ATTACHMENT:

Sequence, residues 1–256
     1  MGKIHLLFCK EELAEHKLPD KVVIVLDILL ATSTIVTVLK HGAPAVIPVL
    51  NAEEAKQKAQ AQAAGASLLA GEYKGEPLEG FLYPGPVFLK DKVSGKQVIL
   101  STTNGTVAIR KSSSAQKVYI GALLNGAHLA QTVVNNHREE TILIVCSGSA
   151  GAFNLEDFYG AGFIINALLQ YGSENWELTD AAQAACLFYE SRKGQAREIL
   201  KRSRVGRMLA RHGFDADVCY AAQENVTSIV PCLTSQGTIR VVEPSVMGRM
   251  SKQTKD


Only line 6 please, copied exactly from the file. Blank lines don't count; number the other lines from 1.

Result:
   201  KRSRVGRMLA RHGFDADVCY AAQENVTSIV PCLTSQGTIR VVEPSVMGRM